In the image to the right, an example of the total flow across a closed boundary being the total flow generated in the interior of the boundary is given. The direction of the flow across each edge is denoted by the direction of the arrows, and the rate is denoted by the number of arrows. Each node inside the boundary is labelled with the rate of flow generation at the current node. It can be checked that a net total of 2 units of flow is being drawn into the boundary, and the total rate of flow generation across all interior nodes is a net consumption of 2 units.


The divergence in cylindrical coordinates[edit]

Let denote a vector field that denotes "flow density". In order to compute the divergence (flow generation density) of , consider an infinitesimal volume defined by all points where , , and . Note that is not a rectangular prism. Let , , and . Let be an arbitrary point from .

The volume of is approximately . The 6 surfaces bounding are described in the following table:

Surface approximate area direction approximate flow density
, ,
, ,
, ,
, ,
, ,
, ,

The total outwards flow through the surface of is:

All relative errors vanish as .

The divergence (flow generation density) is therefore:

a note about the approximations

A reader may wonder why the area of surface , , is approximated by instead of since the difference between and approaches 0 as . While the absolute difference between and approaches 0 as , the difference relative to the infinitesimal does not approach 0: .

With respect to the surface , , , the area can be approximated by , , or since is already a factor, and the differences between , , and relative to the infinitesimal do approach 0 as .


The divergence in spherical coordinates[edit]

Let denote a vector field that denotes "flow density". In order to compute the divergence (flow generation density) of , consider an infinitesimal volume defined by all points where , , and . Note that is not a rectangular prism. Let , , and . Let be an arbitrary point from .

The volume of is approximately . The 6 surfaces bounding are shown in the following table:

Surface approximate area direction approximate flow density
, ,
, ,
, ,
, ,
, ,
, ,

The total outwards flow through the surface of is:

All relative errors vanish as

The divergence (flow generation density) is therefore:


Divergence free vector fields[edit]

A vector field for which is a "divergence free" vector field. can also be referred to as "incompressible" (since the flow density of an incompressible fluid is divergence free) or "solenoidal" (since magnetic fields are divergence free).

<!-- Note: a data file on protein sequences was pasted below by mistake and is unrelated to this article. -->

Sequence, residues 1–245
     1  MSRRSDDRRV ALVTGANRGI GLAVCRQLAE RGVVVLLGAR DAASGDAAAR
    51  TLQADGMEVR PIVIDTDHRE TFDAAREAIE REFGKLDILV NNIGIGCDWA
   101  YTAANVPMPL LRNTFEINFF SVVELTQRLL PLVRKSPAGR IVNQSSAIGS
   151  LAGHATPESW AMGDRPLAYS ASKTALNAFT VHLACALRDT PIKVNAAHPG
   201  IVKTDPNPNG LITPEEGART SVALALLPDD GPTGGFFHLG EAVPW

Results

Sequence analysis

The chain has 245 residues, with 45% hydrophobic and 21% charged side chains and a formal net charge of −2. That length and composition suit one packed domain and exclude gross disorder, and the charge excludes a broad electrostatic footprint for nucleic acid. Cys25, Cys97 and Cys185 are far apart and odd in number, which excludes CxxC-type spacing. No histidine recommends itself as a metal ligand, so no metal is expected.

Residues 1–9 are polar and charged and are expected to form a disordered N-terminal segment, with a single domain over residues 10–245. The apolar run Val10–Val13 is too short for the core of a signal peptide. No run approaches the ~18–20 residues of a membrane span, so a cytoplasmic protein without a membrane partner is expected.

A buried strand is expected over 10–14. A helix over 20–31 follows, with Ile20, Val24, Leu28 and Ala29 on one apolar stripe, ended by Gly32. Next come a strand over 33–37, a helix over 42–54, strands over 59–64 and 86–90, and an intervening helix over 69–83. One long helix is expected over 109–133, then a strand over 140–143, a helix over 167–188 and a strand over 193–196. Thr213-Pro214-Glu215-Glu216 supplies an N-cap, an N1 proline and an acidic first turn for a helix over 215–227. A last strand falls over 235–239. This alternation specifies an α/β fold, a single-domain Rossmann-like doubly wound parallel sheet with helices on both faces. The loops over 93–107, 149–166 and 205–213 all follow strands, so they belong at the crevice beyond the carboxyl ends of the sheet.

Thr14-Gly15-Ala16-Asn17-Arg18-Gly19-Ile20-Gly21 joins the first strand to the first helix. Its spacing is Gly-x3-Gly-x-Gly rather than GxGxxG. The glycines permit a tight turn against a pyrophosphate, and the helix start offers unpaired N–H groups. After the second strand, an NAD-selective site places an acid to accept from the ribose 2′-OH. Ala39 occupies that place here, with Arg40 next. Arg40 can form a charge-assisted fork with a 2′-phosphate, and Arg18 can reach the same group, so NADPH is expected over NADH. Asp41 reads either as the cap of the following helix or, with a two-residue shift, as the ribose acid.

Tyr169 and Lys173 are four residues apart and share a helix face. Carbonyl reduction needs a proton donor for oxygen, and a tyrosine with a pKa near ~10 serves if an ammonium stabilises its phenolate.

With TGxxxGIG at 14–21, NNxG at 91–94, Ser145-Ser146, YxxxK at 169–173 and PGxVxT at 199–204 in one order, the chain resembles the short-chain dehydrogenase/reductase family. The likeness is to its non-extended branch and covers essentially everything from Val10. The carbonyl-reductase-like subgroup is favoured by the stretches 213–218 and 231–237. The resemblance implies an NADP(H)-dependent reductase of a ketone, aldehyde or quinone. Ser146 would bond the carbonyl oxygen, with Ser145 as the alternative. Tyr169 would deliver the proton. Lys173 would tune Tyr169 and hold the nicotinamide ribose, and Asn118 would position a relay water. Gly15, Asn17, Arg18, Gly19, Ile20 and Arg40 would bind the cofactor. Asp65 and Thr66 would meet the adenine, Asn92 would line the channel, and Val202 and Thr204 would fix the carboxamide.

A key property of a divergence free vector field is that the flux of through a surface is purely a function of the surface's boundary. If and are two surfaces which share the same counterclockwise oriented boundary , then . In other words, the flux is purely a function of . This property can be derived from Gauss's divergence theorem as follows:

To begin, it will be assumed that and do not intersect each other, except for at the common boundary . The argument presented here easily generalizes to cases where and do intersect each other. Invert the orientation of to get and combine and to get a closed surface , stitching the surfaces together along the seam . Let denote the volume which is the interior of , and it will also be assumed that is oriented outwards (which is the case if is "in front" of ).

Gauss's divergence theorem states that . The flux through is the flux through minus the flux through : . Therefore:

The Laplacian Operator[edit]

Given a scalar field , if the gradient is interpreted as denoting flow density, the the rate of flow generation at each point is which is referred to as the "Laplacian" of and is denoted by (or alternately ).

The laplacian is effectively a measure of the "convexity" of at each point . When there is a net flow of the gradient away from , this means that is "low" compared to its neighboring points and that the convexity is positive. When there is a net flow of the gradient towards , this means that is "high" compared to its neighboring points and that the convexity is negative.

In Cartesian coordinates, the Laplacian is: